Thanks so much, Simon, for those extremely kind words. Coming from someone as respected in the space world as you are, it means a lot.

Brad, I'm so pleased to hear you enjoyed the second book so much.

quote:
Originally posted by BMacKinnon:
I learned quite a bit about Donn Eisele, one of the lesser known Apollo astronauts...

...Although I will never be able to properly pronounce or even spell the Cosmonauts' names


If you can spell and pronounce Donn Eisele correctly, you are doing better than most people...

FFrench
Member

Posts: 3093
From: San Diego
Registered: Feb 2002

posted 10-26-2007 10:14 PM     Click Here to See the Profile for FFrench     Edit/Delete Message   Reply w/Quote
Thank you, John Charles, for this photo of Harriet Eisele with the book, which John gave us permission to post here. Harriet was of immense help when telling Donn Eisele's story, and it's great to see her with a copy at long last.

bruce
Member

Posts: 830
From: Fort Mill, SC, USA
Registered: Aug 2000

posted 10-29-2007 08:20 AM     Click Here to See the Profile for bruce   Click Here to Email bruce     Edit/Delete Message   Reply w/Quote
Here is another interesting review of the book by Hugo-Award-nominated reviewer Steven Silver. I believe he mostly reviews science fiction books, so it was interesting to read this viewpoint from someone whose major interest is not space flight non-fiction.

WAWalsh
Member

Posts: 791
From: Cortlandt Manor, NY
Registered: May 2000

posted 11-02-2007 01:16 PM     Click Here to See the Profile for WAWalsh   Click Here to Email WAWalsh     Edit/Delete Message   Reply w/Quote
Alright gentlemen, as everyone has noted, the first two books are outstanding.

Now the question (at the risk of embarassment because I missed a statement on this somewhere), did "In the Shadow of the Moon" only provide a brief cover of Apollo XI because you intend to write a third book that covers the lunar missions, Skylab and ASTP?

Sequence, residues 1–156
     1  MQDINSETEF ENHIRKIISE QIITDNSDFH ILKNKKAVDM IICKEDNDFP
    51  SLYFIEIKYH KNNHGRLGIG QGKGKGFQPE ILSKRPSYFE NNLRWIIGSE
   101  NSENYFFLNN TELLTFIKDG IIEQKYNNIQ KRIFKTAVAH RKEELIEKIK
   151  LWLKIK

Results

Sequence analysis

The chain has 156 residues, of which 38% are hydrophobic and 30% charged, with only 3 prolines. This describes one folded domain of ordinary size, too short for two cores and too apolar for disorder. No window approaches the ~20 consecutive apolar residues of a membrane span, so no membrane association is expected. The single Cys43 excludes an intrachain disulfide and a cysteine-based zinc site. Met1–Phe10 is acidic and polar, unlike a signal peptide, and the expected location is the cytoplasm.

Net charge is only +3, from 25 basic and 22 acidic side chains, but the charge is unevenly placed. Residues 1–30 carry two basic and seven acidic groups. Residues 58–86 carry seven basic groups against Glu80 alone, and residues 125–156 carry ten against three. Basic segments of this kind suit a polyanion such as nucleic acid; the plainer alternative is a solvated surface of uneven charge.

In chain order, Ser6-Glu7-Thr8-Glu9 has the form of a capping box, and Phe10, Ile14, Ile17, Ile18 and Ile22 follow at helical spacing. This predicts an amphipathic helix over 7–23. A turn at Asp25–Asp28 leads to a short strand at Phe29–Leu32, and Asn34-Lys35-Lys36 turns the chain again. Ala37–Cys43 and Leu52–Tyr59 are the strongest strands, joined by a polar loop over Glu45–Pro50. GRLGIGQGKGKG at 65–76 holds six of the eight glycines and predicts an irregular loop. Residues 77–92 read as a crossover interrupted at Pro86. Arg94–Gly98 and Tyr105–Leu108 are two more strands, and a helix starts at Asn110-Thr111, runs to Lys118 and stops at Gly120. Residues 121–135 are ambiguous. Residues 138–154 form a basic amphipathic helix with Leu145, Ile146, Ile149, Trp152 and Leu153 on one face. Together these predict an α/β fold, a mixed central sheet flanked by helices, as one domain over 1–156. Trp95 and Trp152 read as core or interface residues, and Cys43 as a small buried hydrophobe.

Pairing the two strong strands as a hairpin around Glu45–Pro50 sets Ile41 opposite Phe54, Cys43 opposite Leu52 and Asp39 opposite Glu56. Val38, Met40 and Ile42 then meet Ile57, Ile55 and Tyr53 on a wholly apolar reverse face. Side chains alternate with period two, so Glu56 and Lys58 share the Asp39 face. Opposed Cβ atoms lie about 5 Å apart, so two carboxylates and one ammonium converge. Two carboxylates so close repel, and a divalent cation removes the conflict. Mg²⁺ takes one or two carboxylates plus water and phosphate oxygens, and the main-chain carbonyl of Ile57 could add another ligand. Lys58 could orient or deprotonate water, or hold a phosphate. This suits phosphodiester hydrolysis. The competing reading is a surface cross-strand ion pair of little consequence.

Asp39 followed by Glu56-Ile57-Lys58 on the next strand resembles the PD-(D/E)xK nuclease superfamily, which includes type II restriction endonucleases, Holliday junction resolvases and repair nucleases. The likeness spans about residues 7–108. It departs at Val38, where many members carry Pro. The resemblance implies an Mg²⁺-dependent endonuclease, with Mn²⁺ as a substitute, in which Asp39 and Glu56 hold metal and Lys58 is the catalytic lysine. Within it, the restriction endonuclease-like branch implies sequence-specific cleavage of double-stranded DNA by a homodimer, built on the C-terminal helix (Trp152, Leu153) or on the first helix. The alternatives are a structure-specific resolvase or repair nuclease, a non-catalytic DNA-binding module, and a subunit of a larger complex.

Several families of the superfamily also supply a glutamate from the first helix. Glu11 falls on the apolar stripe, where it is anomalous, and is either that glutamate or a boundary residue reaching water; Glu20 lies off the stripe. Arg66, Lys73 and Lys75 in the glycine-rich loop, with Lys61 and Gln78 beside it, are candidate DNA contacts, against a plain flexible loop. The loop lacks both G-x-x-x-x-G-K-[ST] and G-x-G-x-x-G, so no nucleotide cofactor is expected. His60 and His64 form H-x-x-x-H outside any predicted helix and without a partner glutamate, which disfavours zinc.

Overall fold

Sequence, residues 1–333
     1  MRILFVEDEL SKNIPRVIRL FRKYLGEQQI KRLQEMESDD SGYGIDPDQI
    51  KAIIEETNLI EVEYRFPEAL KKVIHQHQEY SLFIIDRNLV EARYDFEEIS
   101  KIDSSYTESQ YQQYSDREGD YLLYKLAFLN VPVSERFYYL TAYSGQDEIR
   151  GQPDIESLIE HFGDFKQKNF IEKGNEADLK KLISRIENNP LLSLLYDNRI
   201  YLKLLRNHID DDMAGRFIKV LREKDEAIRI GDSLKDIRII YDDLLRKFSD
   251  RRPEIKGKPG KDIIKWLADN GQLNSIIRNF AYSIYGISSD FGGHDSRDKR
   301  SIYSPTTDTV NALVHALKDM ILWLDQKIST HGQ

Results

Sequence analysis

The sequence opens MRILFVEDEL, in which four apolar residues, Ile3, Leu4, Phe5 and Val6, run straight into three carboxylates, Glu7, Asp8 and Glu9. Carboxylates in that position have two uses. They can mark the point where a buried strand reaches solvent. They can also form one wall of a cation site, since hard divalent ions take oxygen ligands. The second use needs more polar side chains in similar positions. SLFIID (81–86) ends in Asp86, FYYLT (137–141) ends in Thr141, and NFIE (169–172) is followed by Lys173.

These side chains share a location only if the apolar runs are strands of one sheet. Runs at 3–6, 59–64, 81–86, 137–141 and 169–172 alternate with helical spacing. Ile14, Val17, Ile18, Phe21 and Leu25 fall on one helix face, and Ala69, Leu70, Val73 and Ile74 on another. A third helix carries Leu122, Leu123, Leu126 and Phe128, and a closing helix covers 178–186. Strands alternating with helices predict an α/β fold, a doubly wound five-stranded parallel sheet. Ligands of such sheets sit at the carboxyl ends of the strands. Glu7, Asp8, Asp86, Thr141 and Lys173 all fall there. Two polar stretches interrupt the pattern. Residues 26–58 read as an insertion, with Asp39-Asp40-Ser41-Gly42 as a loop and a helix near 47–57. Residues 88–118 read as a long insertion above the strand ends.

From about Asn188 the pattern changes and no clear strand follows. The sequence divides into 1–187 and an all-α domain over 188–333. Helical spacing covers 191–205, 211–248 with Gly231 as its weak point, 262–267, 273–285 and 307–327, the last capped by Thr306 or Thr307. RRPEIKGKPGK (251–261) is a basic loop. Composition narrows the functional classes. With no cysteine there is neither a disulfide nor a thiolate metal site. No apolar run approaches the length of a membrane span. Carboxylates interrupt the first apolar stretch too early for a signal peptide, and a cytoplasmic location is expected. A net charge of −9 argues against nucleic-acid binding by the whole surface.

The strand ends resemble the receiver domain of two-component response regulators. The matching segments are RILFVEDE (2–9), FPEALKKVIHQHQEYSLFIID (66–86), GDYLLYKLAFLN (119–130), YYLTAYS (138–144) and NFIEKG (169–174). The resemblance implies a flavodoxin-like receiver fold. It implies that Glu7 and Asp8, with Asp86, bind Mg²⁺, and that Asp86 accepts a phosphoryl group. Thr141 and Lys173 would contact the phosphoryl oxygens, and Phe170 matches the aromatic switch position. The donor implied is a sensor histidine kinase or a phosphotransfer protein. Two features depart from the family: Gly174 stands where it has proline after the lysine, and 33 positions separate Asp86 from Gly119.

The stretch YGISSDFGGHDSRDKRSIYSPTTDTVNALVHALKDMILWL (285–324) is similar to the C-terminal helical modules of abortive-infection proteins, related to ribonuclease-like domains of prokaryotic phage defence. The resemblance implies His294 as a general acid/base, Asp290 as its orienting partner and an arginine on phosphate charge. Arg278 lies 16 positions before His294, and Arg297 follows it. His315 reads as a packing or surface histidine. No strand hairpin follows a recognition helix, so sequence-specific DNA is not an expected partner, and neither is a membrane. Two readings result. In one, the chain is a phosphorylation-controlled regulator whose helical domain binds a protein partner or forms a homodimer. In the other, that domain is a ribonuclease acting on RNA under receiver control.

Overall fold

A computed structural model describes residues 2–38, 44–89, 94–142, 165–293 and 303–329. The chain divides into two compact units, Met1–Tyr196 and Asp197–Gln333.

FFrench
Member

Posts: 3093
From: San Diego
Registered: Feb 2002

posted 11-02-2007 02:09 PM     Click Here to See the Profile for FFrench     Edit/Delete Message   Reply w/Quote
quote:
Originally posted by WAWalsh:
...the first two books are outstanding.
Thank you!
quote:
...did "In the Shadow of the Moon" only provide a brief cover of Apollo XI because you intend to write a third book that covers the lunar missions, Skylab and ASTP?
Basically, yes. Colin is series editor for these books, of which our co-written books are only two. Information on the whole series can be found in this thread, and there are also threads on three of the other individual books: To A Distant Day, Ambassadors from Earth and Homesteading Space, the latter about Skylab, and co-written with two Skylab astronauts. It's an absolutely incredible read, and I can't wait to see the reaction it will get here when it comes out. I have read an early draft of "Ambassadors" too, and it promises to be a wonderful, riveting read.

The other side of your question is - we made a deliberate decision in our book to showcase Apollo 10, which normally gets overlooked in space histories, and concentrate only on the first part of Apollo 11 that was new - the descent to landing. We also took the aviator-viewpoint of those heavily involved in the mission - that the landing was the important moment - rather than the outside-world / media viewpoint, which concentrated more on the first step on the moon. It does lead to somewhat of a tease, but makes an important point about how those in the program saw it.

The other missions in the book (Gemini, early Apollo especially) have been leading up to that moment of landing - of reaching a destination. The next step - exploring that destination - was almost a new kind of space program, and so this seemed to be the perfect place to sign off and allow another book to tell that story.

It's an unorthodox approach, but a fresh one, and also how many in the program saw the events.

Thanks, as ever, for your kind words, and I hope you enjoy the other books in the series as they are released!

ColinBurgess
Member

Posts: 1567
From: Sydney, Australia
Registered: Sep 2003

posted 11-02-2007 05:45 PM     Click Here to See the Profile for ColinBurgess   Click Here to Email ColinBurgess     Edit/Delete Message   Reply w/Quote